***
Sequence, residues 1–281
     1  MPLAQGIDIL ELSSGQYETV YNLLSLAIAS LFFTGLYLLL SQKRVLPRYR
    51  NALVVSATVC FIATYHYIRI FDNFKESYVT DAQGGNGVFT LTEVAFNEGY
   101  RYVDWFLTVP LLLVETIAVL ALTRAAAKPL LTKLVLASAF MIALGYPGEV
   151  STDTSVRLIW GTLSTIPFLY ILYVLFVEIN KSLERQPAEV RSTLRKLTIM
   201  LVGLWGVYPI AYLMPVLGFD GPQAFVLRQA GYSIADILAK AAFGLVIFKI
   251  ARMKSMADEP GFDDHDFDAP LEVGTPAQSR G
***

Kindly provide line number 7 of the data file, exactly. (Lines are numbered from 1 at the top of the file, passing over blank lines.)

   251  ARMKSMADEP GFDDHDFDAP LEVGTPAQSR G